Mapping the implementation of Children's Trust arrangements

Carol Devanney, Richard Wistow

Research output: Contribution to journalArticlepeer-review


The purpose of this article is to explore findings from the children's services mapping (CSM) policy monitoring exercise on the implementation of Children's Trust arrangements in England in 2008 and 2009. It outlines progress made in implementation in the context of debates on Children's Trusts and partnership working, considering where progress was being made and where implementation was less well developed. The future of partnership working in children's services and the role of the data collection in public service policy monitoring are discussed.

Responses are from a sub‐set of 74 local authorities to a self‐completion questionnaire on Children's Trust implementation in 2008 and 2009 as part of the CSM annual policy monitoring exercise.

Findings, presented within the context of Government policy on children's services reform and literature on partnership working, indicate increases in the number of Children's Trusts implementing joint and strategic working. However, not all agencies under a statutory duty were represented on the Board and joint commissioning arrangements had declined.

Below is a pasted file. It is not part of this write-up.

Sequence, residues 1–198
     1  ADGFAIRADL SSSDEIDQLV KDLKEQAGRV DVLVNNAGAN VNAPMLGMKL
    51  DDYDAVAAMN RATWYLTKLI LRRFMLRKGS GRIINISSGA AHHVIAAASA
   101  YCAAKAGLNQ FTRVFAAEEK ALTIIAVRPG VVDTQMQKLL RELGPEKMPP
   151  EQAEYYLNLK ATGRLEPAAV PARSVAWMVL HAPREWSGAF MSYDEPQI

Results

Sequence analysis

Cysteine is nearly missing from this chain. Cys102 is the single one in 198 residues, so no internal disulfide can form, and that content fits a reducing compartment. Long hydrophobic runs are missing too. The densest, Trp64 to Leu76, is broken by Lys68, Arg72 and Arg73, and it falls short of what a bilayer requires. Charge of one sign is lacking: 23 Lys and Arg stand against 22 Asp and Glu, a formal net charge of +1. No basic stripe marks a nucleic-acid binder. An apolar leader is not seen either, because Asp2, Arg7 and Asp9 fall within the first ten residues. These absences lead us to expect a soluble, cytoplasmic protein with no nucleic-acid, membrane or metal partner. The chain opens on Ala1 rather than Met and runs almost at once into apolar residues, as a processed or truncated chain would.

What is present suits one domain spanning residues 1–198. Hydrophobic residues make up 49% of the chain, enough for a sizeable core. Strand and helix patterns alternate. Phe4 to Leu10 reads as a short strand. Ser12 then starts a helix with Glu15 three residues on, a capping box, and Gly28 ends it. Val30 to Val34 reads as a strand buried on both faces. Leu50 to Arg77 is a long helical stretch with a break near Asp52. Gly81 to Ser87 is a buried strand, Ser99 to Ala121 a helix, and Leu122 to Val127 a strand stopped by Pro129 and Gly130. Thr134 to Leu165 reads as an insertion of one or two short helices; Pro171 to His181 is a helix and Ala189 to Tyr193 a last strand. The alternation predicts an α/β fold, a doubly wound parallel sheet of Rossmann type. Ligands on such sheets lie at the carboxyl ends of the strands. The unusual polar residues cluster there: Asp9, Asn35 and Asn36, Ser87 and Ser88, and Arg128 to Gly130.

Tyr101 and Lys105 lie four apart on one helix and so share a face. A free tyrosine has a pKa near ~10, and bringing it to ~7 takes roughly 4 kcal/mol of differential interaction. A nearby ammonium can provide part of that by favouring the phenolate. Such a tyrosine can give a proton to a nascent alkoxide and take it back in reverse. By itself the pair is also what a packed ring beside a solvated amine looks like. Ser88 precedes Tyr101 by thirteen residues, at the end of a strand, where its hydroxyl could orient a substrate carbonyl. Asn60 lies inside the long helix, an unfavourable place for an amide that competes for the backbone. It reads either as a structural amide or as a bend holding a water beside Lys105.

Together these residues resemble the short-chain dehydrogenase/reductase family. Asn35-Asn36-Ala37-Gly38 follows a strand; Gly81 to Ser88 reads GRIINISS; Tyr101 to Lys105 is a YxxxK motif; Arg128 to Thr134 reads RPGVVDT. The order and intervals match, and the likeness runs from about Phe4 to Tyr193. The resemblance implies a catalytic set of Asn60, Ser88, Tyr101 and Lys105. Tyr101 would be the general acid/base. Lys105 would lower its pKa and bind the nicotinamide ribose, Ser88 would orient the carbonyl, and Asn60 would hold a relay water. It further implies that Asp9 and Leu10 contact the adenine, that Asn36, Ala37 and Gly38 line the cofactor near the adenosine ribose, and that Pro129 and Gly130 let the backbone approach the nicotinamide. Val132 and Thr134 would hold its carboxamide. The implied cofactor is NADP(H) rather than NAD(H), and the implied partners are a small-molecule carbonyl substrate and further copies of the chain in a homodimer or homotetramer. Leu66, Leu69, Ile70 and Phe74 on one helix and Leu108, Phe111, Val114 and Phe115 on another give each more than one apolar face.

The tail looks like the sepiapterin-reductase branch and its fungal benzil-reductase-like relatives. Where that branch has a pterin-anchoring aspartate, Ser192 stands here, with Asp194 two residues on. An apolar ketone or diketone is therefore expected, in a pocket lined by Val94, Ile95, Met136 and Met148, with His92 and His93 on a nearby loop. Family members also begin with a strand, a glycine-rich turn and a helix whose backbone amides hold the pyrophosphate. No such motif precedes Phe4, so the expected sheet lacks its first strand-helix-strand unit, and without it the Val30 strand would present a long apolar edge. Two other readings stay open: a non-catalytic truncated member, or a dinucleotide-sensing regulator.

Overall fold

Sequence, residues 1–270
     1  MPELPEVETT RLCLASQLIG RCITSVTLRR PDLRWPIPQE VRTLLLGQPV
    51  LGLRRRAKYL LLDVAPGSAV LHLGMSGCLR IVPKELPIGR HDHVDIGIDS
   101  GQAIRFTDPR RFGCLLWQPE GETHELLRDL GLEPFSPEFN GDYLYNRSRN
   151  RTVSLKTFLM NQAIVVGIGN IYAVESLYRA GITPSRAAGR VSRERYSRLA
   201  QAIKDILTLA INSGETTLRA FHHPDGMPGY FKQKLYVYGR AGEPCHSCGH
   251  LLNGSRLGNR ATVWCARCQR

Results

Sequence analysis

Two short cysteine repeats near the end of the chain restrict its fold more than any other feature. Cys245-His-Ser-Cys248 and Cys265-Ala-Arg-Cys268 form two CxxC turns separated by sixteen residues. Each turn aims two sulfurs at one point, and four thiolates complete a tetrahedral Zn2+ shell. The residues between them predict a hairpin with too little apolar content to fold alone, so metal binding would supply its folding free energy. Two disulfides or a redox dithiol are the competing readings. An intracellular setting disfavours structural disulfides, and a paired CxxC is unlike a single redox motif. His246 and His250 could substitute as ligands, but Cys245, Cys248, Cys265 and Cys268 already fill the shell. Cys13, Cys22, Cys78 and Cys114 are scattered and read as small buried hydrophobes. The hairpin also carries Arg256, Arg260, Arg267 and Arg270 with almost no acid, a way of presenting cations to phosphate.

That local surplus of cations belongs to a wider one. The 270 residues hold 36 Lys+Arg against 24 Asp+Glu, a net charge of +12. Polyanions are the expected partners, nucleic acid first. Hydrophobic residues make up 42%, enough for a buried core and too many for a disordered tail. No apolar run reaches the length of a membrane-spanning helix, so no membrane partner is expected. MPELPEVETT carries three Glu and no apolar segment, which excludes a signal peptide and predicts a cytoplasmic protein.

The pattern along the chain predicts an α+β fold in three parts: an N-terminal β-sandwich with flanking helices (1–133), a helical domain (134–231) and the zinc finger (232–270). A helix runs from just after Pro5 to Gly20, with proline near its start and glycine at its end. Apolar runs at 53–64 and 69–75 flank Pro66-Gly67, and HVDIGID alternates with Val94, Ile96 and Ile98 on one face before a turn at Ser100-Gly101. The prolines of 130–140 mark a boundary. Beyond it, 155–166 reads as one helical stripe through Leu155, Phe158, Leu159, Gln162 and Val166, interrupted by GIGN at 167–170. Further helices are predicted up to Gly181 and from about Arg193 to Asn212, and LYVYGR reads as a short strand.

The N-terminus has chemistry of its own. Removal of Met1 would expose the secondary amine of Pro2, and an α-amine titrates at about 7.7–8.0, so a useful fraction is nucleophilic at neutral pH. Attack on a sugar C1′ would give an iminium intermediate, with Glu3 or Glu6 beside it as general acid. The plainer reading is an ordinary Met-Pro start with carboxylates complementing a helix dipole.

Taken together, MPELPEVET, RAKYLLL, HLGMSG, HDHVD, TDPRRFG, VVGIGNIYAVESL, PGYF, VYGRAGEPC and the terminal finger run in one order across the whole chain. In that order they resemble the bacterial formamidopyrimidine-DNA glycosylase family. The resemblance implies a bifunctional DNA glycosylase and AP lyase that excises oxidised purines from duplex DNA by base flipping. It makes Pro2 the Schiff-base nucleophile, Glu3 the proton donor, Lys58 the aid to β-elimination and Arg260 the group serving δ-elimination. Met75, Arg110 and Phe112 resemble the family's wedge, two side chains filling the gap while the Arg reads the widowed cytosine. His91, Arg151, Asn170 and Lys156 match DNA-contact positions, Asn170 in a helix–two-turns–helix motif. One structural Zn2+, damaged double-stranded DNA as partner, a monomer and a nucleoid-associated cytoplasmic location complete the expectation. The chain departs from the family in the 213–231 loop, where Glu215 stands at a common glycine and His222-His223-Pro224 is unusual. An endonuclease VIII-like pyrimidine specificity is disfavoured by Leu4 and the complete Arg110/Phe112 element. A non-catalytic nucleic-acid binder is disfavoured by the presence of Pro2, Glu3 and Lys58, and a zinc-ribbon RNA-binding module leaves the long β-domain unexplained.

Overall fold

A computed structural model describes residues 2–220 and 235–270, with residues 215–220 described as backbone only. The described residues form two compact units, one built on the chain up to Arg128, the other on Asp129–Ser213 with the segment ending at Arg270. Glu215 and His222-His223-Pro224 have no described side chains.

Research limitations/implications
The findings and discussion consider the limitations of the method of data collection.

This paper presents the most recent information on implementing Children's Trust arrangements, drawing on responses from 49 per cent of local authority areas. Data from two years of the CSM collection alongside earlier research findings indicate progress at the strategic level, but careful reading of the data and literature also suggests an increasingly challenging environment for establishing and maintaining partnership working within children's services.
Original languageEnglish
Pages (from-to)65-77
Number of pages13
JournalJournal of Children's Services
Issue number1
Publication statusPublished - 15 Mar 2013


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